You awake, gulp your morning coffee, brush your teeth and get in the car. You drive nearly three-quarters of an hour, arriving at the door of your doctor’s office within the requested fifteen-minute cushion ahead of your appointment. You dutifully stop at the registration counter and are greeted with a relatively friendly face which, after hearing you speak your name, twists into a puzzled and unhappy look. Your appointment, you are told, is not until the following week. You were mixed up, out of whack with your schedule. Sigh.
Maybe you’ve not experienced that just yet in life. Maybe you are better acquainted with awaking, arising, bumbling down the stairs, and nearly stepping in what the cat threw up at some hour of the night. Before you can get your morning coffee brewing, your cell phone rings, and it is an elderly neighbor desperate for a neighborly hand to help with rebooting the router so that life may go on in her world. You silently swear, grab the keys, and head toward the door where the second helping of what the cat threw up rests. Catching your sleeve on the doorknob, you now curse out loud and stomp toward the car in hopes of winning the Good Samaritan award in somebody’s book by heading to your neighbor’s house anyway. It is then that you realize you grabbed the keys to the condo in the mountains and not the car. By now, any hint of optimism has evaporated and an official case of grouchy has moved in. You are out of sorts, off kilter and all before nine in the morning. Sigh.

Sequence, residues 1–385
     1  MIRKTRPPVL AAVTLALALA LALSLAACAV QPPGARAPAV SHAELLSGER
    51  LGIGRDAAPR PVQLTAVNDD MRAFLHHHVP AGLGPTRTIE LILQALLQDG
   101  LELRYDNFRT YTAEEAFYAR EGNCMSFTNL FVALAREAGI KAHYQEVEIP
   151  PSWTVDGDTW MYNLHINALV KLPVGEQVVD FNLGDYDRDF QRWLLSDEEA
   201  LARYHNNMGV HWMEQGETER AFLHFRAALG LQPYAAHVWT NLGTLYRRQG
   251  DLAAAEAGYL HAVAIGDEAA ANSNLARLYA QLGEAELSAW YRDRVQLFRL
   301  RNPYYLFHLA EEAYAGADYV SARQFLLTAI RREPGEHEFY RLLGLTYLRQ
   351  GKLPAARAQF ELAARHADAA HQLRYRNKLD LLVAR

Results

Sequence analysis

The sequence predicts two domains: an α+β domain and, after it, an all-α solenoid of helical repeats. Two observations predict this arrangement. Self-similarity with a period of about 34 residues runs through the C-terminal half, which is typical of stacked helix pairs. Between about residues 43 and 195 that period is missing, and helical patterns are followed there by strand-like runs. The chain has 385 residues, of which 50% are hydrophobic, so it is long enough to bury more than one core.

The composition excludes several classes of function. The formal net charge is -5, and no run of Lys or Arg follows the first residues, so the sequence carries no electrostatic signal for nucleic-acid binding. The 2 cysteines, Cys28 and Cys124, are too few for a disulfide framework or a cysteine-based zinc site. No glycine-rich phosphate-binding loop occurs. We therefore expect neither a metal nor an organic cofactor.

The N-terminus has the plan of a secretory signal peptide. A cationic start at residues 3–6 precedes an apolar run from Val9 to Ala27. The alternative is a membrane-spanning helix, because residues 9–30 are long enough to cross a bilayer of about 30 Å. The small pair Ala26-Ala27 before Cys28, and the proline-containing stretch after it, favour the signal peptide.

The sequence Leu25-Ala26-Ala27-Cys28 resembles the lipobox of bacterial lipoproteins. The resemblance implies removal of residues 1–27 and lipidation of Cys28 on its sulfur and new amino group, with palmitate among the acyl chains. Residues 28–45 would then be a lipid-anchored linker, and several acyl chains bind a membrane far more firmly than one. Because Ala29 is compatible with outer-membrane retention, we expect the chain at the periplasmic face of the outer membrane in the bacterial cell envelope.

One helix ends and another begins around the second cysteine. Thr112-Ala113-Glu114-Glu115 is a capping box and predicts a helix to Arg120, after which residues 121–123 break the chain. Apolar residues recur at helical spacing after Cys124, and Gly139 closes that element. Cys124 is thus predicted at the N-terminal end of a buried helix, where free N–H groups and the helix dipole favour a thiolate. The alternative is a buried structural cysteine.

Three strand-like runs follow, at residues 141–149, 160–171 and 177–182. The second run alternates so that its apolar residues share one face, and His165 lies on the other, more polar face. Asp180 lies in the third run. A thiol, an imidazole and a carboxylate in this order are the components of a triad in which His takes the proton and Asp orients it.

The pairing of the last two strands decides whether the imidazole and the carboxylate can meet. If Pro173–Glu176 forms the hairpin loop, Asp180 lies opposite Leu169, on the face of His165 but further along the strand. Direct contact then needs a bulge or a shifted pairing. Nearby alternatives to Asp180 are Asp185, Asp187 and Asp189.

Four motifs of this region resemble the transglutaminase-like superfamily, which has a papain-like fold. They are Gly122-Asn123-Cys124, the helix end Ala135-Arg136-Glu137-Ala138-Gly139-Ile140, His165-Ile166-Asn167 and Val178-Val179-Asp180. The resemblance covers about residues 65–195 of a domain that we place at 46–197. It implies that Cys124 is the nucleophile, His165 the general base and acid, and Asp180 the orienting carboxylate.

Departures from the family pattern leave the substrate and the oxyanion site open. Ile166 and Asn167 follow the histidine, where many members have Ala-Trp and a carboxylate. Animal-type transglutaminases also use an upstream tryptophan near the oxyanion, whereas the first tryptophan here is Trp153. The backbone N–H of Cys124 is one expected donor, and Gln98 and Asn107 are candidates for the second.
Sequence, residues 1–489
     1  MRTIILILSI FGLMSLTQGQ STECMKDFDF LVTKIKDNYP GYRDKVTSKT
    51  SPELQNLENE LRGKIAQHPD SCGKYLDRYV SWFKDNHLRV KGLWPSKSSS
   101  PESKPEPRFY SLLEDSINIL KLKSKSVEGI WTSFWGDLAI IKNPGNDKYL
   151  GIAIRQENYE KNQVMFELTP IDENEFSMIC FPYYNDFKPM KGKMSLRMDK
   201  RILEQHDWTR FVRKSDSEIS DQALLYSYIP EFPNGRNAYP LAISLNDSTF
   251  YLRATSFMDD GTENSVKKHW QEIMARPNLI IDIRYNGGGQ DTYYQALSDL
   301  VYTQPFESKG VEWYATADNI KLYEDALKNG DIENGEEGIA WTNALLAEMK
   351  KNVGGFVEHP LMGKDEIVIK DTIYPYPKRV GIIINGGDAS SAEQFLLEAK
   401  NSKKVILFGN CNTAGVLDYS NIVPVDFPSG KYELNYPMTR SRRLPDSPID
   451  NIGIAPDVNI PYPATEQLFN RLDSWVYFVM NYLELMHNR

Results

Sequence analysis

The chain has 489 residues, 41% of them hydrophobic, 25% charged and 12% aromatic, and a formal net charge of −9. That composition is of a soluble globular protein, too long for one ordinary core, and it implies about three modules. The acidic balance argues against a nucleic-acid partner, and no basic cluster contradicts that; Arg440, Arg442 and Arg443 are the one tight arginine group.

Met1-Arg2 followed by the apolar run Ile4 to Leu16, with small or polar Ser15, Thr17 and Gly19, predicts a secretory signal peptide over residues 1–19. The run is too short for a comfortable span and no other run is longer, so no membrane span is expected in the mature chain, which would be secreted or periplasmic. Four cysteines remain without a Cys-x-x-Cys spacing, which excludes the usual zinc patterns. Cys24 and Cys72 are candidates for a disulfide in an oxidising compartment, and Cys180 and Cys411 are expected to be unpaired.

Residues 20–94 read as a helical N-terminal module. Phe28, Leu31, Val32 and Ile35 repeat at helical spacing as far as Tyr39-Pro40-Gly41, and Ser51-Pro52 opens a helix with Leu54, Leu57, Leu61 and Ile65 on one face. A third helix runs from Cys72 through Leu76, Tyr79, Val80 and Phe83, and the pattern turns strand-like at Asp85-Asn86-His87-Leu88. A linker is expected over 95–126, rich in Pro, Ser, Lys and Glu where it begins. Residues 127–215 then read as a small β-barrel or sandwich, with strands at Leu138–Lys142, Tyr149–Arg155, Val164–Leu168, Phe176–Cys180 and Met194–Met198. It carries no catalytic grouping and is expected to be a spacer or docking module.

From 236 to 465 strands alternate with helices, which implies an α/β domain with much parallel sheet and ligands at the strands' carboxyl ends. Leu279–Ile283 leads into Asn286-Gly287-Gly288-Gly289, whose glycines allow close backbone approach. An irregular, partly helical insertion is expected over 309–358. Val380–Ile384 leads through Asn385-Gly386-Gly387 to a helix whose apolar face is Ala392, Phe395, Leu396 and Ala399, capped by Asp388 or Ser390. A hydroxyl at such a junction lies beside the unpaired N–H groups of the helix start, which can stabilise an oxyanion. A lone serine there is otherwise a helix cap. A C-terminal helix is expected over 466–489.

Well, perhaps you’ve not yet experienced such a crummy beginning to a perfectly good and unused day. But it’s likely that you have some sense of what it is to feel out of whack. Something’s just a little bit off. You can’t think clearly. You aren’t responding well to what comes up. You don’t see the forest or the trees much less the path through it all. You miss any good that could be because the mess is all you see. Sigh.
Sometimes we may feel that we are traveling through life in a vehicle that’s rolling on wheels out of alignment. We’re certainly not alone in feeling this way. The news from all over the world bears witness that the whole planet is a bit atilt. Even “Mother Nature” seems to be pitching fits because in her view much in the world is awry. There's no Band-Aid big enough. No quick fix effective enough. The opportunities are plentiful for making adjustments, for making amends, for making things line up in more workable ways. So, will we utilize perception, nurture patience, and cultivate perseverance in order to lean into life for all?